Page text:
The Gravenstein apple is a symbol of the Sonoma County community. Brought here by Russian trappers in the early 19th century, it has provided food and drink for the locals for many years. Today its orchards are threatened by the success of the region’s vineyards.
Sebastopol Gravenstein Apple nominated to the Ark of Taste by Chef Kyle Connaughton of SingleThread in California.
The last stopover on our voyage aboard the Ark of Taste is here among the vineyards in Sonoma County, California, where we meet Kyle and Katina Connaughton. When they speak of their establishment, SingleThread, they especially mean the farm. That is where Katina produces 70% of the ingredients that Kyle prepares in the kitchen, including vegetables, herbs, flowers, fruits, honey, olives (for oil) and eggs. Crowned with three Michelin stars, the restaurant of the same name offers a one-of-a-kind culinary experience, particularly through the eleven-course meal inspired by the best that the Earth has to offer at any given time. Its uniqueness is also expressed in the sense of hospitality founded on the Japanese philosophy omotenashi, which means giving every customer the impression that he or she is a personal guest of the house. Kyle spent part of his childhood in the land of the rising sun, where Japanese culture and cookery left a lasting impression on him.
Once the introductions are made – stomachs rumbling – we bring up the subject of our visit: Food for Change. “This is the fourth year that Relais & Châteaux will be participating in the Slow Food campaign to combat climate change,” Kyle points out, “and this year the focus is on endangered products.” The idea is to turn a spotlight on these ingredients, and to explain how to cook them and what to do to protect them. “Biodiversity is like an insurance policy against climate change,” Katina pipes up, “a treasure that supports us as we face these new situations. Our culinary heritage is also very important because it reminds us of where we come from. That is why we chose the Gravenstein apple of Sebastopol, which is part of the identity of Sonoma County.”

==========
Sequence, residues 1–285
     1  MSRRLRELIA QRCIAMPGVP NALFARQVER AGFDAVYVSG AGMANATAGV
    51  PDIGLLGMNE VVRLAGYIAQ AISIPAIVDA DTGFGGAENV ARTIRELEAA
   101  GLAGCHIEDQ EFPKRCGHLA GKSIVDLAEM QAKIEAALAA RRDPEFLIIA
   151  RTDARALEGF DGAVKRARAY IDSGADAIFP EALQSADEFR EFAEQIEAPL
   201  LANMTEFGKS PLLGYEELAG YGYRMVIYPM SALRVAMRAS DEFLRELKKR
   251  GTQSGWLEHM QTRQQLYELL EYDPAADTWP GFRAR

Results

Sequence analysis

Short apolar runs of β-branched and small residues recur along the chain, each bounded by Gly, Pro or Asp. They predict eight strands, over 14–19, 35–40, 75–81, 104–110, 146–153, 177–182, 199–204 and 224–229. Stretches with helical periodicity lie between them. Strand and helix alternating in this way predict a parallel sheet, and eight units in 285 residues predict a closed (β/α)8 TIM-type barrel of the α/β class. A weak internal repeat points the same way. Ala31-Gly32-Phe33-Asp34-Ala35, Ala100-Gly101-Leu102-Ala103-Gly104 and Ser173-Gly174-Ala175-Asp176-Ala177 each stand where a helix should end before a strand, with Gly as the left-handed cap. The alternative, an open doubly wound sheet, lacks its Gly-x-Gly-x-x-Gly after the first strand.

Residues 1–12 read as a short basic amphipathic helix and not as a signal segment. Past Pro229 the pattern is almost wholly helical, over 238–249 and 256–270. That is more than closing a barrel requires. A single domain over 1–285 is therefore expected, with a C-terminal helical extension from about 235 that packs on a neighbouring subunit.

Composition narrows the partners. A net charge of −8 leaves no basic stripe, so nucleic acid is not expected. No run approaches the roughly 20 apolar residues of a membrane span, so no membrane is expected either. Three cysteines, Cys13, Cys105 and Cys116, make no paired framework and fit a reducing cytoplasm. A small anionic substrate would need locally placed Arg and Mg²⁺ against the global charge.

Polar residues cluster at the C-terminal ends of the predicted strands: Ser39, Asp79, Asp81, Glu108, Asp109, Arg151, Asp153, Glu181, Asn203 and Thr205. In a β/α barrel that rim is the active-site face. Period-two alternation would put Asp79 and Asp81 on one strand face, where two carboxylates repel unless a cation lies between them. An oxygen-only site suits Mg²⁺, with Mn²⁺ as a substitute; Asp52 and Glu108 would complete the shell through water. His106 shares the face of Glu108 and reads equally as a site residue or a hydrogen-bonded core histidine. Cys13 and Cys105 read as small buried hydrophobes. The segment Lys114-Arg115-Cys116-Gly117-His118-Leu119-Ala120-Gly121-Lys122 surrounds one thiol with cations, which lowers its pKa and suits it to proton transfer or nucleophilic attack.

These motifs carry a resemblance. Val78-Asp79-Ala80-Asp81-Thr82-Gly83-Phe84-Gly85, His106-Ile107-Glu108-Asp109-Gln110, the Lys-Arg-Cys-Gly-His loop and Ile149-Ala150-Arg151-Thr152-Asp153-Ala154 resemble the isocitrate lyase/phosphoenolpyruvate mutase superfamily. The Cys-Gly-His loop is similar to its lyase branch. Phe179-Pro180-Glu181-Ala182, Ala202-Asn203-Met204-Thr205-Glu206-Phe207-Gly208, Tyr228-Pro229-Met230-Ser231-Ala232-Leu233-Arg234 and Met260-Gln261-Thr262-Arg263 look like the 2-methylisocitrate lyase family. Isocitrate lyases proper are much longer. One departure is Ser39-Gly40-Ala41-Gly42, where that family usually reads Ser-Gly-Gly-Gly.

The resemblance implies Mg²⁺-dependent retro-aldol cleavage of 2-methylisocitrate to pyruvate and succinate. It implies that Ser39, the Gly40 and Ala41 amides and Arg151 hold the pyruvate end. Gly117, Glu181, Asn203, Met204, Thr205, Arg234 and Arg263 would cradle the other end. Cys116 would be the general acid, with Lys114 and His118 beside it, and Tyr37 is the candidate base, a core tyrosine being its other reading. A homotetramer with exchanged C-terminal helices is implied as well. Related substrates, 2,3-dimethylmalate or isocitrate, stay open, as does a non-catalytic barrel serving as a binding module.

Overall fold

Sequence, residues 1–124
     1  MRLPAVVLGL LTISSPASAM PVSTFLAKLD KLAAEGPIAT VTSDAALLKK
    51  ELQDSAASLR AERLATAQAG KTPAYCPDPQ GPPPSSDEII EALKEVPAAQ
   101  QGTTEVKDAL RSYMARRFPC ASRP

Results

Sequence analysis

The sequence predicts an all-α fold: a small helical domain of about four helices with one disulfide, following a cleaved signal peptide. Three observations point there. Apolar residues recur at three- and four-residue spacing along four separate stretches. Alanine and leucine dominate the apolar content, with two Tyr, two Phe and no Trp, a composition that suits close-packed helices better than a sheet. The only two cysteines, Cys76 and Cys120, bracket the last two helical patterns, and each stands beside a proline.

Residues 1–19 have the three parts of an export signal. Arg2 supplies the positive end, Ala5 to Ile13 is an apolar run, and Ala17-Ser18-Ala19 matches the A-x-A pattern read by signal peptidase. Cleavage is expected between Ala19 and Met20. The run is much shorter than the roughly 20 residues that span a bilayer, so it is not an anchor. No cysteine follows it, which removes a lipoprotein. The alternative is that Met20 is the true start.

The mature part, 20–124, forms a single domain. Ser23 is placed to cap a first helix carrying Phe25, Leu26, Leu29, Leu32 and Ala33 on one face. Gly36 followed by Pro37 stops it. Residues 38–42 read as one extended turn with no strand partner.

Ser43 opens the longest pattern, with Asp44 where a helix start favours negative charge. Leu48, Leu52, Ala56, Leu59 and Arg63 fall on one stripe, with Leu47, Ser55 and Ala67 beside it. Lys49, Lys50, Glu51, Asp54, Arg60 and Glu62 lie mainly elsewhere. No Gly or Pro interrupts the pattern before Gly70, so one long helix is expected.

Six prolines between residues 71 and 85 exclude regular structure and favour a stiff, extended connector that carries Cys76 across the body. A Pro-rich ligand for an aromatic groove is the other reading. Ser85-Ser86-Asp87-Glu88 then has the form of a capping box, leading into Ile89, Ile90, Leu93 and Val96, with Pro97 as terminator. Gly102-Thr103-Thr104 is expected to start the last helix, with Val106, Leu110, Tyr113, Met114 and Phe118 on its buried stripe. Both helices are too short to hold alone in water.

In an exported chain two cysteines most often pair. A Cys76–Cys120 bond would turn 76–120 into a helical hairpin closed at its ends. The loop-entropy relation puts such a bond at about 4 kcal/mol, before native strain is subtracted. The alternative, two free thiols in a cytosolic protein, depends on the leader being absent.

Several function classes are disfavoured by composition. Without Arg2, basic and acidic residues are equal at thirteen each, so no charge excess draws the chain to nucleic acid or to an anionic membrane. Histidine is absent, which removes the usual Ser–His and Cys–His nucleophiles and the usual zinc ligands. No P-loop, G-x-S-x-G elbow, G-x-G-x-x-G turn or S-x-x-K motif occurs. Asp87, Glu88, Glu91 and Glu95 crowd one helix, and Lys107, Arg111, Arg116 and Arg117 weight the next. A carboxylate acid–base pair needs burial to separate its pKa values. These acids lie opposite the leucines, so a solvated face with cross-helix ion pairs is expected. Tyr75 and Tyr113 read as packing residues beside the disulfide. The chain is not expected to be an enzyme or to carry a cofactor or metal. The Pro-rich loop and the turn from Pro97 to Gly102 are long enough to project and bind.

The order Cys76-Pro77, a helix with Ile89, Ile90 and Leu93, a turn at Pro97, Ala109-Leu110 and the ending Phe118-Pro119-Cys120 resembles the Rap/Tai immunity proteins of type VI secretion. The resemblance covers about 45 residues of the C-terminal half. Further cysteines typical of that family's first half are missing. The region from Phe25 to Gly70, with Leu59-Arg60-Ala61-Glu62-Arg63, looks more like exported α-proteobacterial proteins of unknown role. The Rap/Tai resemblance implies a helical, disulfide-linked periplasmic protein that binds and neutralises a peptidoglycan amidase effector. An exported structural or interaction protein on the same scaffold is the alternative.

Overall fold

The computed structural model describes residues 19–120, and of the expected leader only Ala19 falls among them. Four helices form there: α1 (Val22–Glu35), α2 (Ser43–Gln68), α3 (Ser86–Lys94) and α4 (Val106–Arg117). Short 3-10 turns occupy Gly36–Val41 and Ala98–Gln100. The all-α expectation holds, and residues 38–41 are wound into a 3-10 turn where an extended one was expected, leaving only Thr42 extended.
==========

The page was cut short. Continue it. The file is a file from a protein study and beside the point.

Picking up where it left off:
Having arrived in the region in the early 19th century – probably brought here by Russian trappers –, it became such an integral part of the region that several local celebrations are held in honor of it. Nevertheless, in the last decades, its cultivated area has been reduced to one-tenth of its former expanse, down from 7400 to just 740 acres today. The sparkling success of the region’s wines has turned the vineyards into a fearsome competitor for the orchards. Moreover, the Gravenstein apple ripens in August, and it only keeps until the autumn. Its thin peel makes transportation delicate.
However, the apple also offers some major advantages. Foremost among them are its sweet, tangy taste and crunch. It is also multi-purpose, as Kyle explains. “In addition to its usual use in cookery, it is ideal for the production of cider and apple juice.” Vineyards have not always been a monoculture in Sonoma County; indeed, there was a time when cider was more prevalent here than wine.
And then it became a Slow Food Presidia, like more than 600 products from the Ark of Taste. Presidia status means more than identifying an endangered product. It brings structure to a collective approach – involving not only farmers but also chefs, processors, retailers, consumers, and more – to deal with the difficulties that the product is encountering. The status can have an impact on its communication, its farming method, and the protection of its genetic heritage as an animal breed or plant ecotype, among more.
The Gravenstein’s Presidia status has brought it more visibility, provided for a mutualized apple press for the production of juice, and convinced chefs to use it in their cookery (some hundred chefs use it today). Thanks to the local affection for this emblematic product, the project has managed to prevent the vineyards from completely overtaking the orchards... But it isn’t over yet. Farmers and consumers are showing an increased interest in cider, which could be an additional driver in the future.
And if you are fortunate enough to go to the SingleThread between August and October, you will be welcomed with a glass of Gravenstein apple juice, as you savor the view and get into the gourmet mood.